Should You Opt for Overdraft Protection?

Thanks to new laws coming out of Washington, D.C., bank account overdraft protection soon won’t be mandatory. But before you decide to opt in or not — and you’ll have to make that choice by Aug. 15 — you might want to consider the following factors.

First, some facts: The reason Aug. 15 is such a big deal is because that’s when current bank checking accounts will no longer offer automatic overdraft protection. Unless you opt in to your bank’s overdraft protection program, it will no longer cover your ATM and one-time debit card transactions when there are insufficient funds in your account.

To millions of Americans whose banks have already deluged with them with notices this spring, asking them to “opt in” or “opt out,” this news may not come as a surprise.

The question now is, should you keep your overdraft protection or not?

The downside of avoiding such protection might be substantial. For example, if you opt out of overdraft protection, and bounce a check, it could hurt your credit. Banks do keep track of bounced checks and overdrawn accounts — too many of either and you may not be able to open a new account with your bank. (Under the new federal regulations, banks do have the right to honor automatic monthly payments and bounced checks — although the latter will still be noted by banks and might be held against you, credit-wise).

There’s also the potential shame, if that’s not too strong a word, of having your debit card purchase rejected at the counter should your account not have enough money to pay for the transaction. Banks used to cover such purchases… and then hit you with an up-to-$36 overdraft penalty for letting the transaction go through. Without overdraft protection, your bank won’t help you save face at the checkout counter.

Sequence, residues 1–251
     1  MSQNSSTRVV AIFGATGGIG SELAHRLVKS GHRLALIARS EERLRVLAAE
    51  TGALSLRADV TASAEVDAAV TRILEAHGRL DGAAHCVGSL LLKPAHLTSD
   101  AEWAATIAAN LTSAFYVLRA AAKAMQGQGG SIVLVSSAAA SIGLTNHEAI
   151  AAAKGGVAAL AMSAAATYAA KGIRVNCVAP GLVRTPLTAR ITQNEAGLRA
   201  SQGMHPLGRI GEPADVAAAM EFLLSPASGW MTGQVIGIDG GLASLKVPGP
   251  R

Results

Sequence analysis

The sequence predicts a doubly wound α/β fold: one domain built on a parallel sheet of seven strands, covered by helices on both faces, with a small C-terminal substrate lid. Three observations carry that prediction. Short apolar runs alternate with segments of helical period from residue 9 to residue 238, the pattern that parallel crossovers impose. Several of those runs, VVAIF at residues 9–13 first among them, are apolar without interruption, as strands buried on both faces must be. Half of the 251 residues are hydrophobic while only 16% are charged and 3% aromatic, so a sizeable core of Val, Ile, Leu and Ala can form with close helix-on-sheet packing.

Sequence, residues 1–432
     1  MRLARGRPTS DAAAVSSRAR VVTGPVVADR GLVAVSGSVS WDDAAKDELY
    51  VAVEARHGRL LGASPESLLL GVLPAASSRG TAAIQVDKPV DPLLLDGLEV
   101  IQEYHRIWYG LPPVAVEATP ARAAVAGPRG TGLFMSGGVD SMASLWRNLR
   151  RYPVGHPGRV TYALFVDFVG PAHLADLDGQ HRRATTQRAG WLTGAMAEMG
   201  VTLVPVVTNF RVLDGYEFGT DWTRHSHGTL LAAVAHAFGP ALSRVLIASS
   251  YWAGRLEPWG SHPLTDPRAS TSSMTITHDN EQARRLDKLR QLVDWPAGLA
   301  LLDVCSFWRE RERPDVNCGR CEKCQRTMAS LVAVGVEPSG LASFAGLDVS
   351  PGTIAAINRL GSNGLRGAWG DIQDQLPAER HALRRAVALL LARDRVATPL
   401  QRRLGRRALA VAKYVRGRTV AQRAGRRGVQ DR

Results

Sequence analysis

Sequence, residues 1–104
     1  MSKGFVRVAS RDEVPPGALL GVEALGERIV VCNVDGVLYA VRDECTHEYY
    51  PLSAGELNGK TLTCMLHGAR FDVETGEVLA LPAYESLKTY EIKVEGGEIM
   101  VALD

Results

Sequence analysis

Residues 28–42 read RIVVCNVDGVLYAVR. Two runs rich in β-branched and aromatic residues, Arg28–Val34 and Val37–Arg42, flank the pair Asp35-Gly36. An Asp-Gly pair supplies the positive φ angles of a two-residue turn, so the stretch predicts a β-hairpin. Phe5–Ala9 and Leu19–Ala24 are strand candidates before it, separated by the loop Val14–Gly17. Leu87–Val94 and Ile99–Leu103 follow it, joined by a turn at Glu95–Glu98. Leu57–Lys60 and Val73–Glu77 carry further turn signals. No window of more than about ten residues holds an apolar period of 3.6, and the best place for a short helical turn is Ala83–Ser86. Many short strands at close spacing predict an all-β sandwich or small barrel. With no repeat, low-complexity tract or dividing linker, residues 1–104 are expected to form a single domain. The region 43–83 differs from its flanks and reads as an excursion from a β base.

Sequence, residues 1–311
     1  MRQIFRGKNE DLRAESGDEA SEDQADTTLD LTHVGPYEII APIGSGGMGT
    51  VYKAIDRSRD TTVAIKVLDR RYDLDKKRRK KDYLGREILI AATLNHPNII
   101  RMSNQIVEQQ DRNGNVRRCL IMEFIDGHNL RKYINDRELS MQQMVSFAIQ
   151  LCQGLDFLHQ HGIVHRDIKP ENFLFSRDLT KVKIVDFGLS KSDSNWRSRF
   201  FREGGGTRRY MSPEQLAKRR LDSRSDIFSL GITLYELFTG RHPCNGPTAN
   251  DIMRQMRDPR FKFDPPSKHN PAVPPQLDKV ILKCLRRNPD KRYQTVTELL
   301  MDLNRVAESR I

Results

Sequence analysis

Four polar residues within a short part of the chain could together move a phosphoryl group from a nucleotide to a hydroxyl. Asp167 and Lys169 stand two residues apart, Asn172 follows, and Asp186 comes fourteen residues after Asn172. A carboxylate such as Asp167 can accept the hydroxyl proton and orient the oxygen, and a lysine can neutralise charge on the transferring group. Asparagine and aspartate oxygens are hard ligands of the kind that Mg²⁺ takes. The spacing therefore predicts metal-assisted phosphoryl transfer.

On the flip side, taking advantage of bank opt-in programs can really empty your wallet. A 2008 study from the Federal Deposit Insurance Corporation points out that if you complete a $20 transaction that’s covered by your bank due to lack of funds, an average $27 overdraft fee turns that $20 purchase into a $47 purchase. If it takes you two weeks to get your account back over zero, the FDIC estimates that you’re effectively paying an annual percentage rate of 3,520%.

There is, after all, a reason why banks made $20 billion in overdraft fees in 2009, according to The New York Times. But the same FDIC study also points out that 93% of all overdraft fees comes from 14% of bank customers — who overdraw their bank accounts at least five times a year.

Your best move might be to avoid opting in while taking advantage of bank services geared toward keeping your account in the black. For example, Chase (Stock Quote: JPM) will text you when your bank account is nearly dry. Also, don’t rely on the balance you see at your ATM — bank funds are dynamic, and fluctuate all the time. If you have a big withdrawal scheduled to hit your account on a given day, don’t count on the numbers you see on your ATM slip. Instead, always keep a buffer of $300 or $500 to ensure that you’ll cover your withdrawals.

You have until Aug. 15 to make your choice. But if you’re a responsible bank customer, with a good handle on your finances, there’s really no reason to opt in for overdraft protection.

That’s one “insurance policy” that bank customers likely don’t need.

—For the best rates on loans, bank accounts and credit cards, enter your ZIP code at BankingMyWay.com.

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